The category 2 storm is slowly churning northeast with winds already starting to hit the Ryukuku islands.
Trami’s strong winds knocked over trees, damaged buildings and caused flooding as a result of heavy rain.
Several vehicles were pictured lying upside down or on their sides after being tossed into the air by the strong winds.
There are no reports of anyone being killed, but officials are warning people to stay safe.
Sakiko Nishioka of Japan Meteorological Agency said on Friday: “Please be on high alert against violent winds, high waves and heavy rainfall.”
“Please be on high alert against violent winds, high waves and heavy rainfall.”
Trami is predicted to move directly across Kyushu and Honshu islands on Sunday.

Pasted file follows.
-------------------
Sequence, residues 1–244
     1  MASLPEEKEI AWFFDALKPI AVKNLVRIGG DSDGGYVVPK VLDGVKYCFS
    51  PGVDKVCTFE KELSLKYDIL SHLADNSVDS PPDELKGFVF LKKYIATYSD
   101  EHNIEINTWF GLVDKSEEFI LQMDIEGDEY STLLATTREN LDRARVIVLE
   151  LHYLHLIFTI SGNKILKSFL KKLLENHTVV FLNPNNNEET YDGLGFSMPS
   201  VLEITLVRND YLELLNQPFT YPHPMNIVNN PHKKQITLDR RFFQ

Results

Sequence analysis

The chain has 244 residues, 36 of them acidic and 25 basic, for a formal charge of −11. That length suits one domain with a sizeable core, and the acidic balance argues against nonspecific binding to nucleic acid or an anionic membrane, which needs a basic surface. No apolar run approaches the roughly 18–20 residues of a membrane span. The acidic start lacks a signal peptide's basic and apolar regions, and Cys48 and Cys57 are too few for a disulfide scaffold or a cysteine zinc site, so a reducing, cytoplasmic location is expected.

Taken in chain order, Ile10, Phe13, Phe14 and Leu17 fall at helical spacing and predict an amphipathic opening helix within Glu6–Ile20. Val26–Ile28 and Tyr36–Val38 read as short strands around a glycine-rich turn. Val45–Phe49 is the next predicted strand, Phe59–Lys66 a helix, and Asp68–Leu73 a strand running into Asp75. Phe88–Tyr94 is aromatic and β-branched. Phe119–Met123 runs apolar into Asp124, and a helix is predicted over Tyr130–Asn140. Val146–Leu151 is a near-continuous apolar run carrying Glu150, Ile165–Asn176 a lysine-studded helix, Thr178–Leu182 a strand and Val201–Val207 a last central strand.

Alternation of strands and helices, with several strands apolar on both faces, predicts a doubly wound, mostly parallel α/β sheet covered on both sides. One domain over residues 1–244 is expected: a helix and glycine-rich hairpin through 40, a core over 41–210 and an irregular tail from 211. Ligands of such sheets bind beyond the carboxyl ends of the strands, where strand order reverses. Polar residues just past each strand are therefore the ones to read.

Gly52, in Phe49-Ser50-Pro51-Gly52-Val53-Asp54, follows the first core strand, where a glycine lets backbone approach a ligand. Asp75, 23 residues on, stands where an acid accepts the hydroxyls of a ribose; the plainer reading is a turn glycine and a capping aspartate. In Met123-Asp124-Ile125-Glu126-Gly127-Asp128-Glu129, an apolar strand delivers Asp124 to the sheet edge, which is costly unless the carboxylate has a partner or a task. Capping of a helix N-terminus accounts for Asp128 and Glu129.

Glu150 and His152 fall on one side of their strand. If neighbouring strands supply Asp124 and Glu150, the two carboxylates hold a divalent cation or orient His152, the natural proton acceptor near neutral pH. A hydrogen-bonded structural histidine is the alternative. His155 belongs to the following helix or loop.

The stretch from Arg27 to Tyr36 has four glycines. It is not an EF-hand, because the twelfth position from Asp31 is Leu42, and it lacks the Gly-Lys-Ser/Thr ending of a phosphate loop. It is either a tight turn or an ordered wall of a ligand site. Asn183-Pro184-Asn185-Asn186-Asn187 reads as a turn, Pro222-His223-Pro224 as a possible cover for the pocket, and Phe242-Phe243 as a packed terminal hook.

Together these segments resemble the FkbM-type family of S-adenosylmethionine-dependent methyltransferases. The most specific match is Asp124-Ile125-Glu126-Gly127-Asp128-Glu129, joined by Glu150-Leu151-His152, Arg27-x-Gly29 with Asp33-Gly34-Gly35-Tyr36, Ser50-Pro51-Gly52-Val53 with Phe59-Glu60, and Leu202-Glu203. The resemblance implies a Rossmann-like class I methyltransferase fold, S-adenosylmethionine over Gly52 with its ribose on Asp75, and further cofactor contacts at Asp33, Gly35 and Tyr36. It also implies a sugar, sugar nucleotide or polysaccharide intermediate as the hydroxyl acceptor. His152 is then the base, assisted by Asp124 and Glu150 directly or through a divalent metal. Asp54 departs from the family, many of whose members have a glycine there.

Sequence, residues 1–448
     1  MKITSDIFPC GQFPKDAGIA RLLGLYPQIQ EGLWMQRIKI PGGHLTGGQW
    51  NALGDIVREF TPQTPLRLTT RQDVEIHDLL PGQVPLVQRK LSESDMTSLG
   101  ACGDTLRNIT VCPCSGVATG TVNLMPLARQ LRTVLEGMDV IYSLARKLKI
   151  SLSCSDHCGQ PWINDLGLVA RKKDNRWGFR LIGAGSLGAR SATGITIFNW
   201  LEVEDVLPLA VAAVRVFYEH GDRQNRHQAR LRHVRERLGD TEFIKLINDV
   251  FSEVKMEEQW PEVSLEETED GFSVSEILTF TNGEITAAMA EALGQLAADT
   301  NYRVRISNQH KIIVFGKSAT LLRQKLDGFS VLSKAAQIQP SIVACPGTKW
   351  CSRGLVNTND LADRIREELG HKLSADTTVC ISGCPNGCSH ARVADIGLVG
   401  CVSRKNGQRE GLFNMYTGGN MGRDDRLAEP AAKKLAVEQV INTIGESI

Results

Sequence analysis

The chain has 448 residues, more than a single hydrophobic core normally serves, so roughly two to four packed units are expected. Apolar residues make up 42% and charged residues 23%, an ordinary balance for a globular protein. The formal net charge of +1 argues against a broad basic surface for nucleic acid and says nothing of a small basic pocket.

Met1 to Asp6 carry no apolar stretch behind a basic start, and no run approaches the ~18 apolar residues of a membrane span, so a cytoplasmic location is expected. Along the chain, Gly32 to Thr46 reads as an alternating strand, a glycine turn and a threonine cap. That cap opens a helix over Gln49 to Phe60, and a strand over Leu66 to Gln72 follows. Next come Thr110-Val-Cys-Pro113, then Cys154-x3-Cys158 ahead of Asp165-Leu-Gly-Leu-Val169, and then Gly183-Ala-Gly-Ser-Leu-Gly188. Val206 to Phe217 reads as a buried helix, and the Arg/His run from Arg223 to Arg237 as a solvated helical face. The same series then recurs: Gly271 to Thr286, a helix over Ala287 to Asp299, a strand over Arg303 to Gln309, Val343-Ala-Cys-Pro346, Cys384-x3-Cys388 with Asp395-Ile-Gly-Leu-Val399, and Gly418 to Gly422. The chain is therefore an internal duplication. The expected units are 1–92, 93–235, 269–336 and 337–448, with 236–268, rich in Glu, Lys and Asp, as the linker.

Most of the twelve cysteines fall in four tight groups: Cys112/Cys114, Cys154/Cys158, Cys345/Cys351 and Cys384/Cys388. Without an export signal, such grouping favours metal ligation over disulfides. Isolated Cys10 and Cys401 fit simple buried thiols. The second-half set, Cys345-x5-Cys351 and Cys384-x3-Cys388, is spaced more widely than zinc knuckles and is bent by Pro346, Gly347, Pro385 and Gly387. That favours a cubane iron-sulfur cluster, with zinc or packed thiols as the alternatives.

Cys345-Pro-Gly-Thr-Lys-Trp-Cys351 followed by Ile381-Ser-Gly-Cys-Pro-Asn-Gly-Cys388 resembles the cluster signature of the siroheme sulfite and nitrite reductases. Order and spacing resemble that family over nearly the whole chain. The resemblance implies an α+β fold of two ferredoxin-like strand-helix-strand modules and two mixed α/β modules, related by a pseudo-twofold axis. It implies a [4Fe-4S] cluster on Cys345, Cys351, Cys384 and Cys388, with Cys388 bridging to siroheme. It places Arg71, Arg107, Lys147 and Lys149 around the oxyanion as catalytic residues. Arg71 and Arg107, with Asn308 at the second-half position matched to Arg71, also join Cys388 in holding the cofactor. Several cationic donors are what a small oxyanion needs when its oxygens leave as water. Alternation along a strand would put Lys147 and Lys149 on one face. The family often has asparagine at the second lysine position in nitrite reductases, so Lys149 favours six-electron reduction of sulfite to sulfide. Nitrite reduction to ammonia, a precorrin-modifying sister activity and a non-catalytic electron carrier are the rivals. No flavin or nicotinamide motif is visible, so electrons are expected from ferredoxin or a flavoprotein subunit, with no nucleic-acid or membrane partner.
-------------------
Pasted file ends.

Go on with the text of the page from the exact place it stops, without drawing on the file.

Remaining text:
Tokyo, based on the southeastern end of Honshu, will not be directly impacted but weather forecasters estimate 90pmh winds could hit the capital.
Accuweather is predicting 400mm of rainfall across western Japan.
Jason Nicholls, senior meteorologist for accuweather, said: “Storm surge flooding along the entire southern coast of Japan will further threaten lives and property Sunday into Sunday night.”
So far, Trami has forced 380 flights to be cancelled.
Power outages across the Okinawa Prefecture affected more than 121,000 homes.
Where is Trami now?
Trami was located about 37 miles west of Okinoerabu Island in Kagoshima Prefecture at 2pm BST (10pm local time) on Saturday.
The storm was moving north-northeast at a speed of 15 miles per hour.